It’s the deafening silence that proceeded Nathan’s rebuke that barely left David standing. David had a relationship with a woman named Bathsheba. When he realized she was pregnant, he had to come up with a way to cover it up. So David sends for her husband from the battle line and encourages him to spend some ‘quality time’ with his wife. Out of devotion to his duty as a soldier, knowing that his comrades were in the battlefield, Uriah sleeps at the door of King David’s palace. Exasperated, David writes a letter to Joab, the commander-in-chief, to put Uriah at the front line of the battle so that he could be struck down and die, which he did.
Nathan describes a hardship case he thought David might want to do something about: There are two men, one poor, one rich. The poor man had nothing but one little ewe lamb; the rich man had more sheep than he could even count. A traveler came to the rich man, and being unwilling to take from his own flock, takes the one lamb from the poor man to add to the menu. After David hit the roof, he said whoever did this should surely die. Nathan’s response was to take a look in the mirror.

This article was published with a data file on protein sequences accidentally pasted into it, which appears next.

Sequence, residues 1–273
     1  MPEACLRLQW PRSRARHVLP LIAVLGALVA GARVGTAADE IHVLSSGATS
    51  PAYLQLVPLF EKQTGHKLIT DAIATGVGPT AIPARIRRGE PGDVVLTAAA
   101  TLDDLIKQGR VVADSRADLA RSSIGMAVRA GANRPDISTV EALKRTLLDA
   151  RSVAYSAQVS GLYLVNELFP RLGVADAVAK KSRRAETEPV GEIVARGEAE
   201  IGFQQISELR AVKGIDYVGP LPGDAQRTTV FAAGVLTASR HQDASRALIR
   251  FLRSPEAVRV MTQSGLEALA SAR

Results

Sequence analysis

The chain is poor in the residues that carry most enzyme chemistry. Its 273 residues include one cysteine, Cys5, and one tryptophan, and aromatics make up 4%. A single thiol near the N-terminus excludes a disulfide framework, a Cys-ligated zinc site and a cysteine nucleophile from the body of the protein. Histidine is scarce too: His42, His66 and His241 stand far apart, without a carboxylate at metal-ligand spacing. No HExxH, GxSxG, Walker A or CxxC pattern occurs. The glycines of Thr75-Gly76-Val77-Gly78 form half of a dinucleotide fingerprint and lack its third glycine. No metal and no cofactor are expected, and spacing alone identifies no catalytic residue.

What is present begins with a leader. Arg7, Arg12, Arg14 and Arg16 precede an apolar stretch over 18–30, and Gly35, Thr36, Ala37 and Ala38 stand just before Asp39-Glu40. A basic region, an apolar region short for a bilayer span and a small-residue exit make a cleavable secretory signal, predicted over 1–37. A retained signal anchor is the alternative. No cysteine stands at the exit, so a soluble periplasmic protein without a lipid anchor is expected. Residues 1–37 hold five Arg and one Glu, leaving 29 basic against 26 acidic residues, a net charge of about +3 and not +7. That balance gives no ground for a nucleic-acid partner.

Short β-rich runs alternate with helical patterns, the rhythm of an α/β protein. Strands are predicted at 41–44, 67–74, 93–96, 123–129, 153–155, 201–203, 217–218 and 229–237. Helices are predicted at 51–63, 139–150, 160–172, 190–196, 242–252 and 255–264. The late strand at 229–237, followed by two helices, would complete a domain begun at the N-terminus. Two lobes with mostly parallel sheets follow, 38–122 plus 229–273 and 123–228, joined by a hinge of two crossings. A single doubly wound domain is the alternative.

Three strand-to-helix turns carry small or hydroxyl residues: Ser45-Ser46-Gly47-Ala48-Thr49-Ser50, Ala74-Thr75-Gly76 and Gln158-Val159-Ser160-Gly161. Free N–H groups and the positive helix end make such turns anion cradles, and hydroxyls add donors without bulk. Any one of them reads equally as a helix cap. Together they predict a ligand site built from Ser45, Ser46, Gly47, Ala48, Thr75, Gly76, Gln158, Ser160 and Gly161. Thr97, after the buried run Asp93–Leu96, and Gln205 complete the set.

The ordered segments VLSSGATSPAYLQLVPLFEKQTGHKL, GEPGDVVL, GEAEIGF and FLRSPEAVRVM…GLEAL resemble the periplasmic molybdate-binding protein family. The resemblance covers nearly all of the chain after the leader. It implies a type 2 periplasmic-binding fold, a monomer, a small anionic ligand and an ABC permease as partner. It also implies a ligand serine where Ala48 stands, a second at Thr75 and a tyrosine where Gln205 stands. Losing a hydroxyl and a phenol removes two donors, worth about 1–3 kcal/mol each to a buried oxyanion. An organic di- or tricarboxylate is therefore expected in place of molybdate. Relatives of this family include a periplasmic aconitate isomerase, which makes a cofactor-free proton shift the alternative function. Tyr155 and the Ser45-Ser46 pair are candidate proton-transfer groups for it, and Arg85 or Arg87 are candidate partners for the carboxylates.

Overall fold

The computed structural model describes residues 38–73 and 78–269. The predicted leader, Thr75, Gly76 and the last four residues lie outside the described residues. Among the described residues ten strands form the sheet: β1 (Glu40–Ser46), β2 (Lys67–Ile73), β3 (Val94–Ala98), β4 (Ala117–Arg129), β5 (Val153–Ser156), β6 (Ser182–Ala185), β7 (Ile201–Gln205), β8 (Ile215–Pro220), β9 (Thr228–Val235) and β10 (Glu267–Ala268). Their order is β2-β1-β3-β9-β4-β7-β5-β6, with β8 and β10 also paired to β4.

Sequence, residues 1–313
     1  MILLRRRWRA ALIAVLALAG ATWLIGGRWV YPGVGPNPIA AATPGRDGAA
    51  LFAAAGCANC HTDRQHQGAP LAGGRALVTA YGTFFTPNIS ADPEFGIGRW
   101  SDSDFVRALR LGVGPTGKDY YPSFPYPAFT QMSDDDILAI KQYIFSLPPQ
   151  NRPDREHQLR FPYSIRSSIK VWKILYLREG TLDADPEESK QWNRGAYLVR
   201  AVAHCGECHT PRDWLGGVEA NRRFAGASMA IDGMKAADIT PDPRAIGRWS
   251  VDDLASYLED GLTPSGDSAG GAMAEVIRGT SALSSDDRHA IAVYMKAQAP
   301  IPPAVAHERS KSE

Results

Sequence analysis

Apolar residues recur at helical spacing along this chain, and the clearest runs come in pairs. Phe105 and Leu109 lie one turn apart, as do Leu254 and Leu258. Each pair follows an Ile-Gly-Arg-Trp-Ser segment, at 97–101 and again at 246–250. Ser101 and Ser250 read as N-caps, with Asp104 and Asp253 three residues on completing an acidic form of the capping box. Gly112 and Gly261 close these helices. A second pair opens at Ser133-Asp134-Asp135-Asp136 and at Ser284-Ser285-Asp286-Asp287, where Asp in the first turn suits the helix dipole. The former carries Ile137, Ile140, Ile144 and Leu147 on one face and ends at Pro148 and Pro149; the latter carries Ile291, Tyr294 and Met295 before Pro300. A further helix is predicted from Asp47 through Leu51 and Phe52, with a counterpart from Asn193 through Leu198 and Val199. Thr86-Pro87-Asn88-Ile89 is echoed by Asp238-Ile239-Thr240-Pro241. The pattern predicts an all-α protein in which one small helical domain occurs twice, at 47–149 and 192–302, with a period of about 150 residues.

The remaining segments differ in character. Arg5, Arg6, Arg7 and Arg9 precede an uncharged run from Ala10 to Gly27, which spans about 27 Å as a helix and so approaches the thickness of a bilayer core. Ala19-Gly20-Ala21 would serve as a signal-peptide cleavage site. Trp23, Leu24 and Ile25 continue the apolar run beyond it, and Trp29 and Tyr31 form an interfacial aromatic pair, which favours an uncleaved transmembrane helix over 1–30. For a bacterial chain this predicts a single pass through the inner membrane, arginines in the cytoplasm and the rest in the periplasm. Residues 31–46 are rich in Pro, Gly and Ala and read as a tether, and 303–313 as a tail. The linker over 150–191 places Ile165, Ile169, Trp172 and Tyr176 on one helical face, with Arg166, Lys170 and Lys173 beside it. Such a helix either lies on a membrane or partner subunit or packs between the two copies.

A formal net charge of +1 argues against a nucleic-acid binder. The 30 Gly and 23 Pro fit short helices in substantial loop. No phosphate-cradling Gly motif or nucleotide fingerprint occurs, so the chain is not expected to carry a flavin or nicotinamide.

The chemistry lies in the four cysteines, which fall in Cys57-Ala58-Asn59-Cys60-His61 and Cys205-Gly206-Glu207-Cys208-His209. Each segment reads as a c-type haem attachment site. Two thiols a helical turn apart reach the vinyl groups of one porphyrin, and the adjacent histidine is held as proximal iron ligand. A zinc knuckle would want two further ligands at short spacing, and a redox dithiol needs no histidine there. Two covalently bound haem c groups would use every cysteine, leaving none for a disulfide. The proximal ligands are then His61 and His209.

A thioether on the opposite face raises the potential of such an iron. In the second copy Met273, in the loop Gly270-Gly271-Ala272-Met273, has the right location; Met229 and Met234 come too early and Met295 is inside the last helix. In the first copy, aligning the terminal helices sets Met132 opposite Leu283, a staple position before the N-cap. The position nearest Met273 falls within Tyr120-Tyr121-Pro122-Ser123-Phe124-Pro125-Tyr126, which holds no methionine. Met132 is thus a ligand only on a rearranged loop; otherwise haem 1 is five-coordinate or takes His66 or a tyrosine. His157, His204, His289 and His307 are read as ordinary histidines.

After Nathan left, I imagine David had some time alone, in the silence and darkness. Nathan laid out the consequences of his actions, but in the silence, David thought about how his actions affected those he ruled, his family, and most of all the God of Israel. In Psalm 32 and 51 David showed true contrition and expressed deep feelings of guilt before God pardoned him.
And yet with all that said, David was a man after God’s own heart. Israel adored him like no other king she ever had. When Jesus came riding into Jerusalem on a mule about a thousand years later, it was as the “Son of David” that they hailed Him.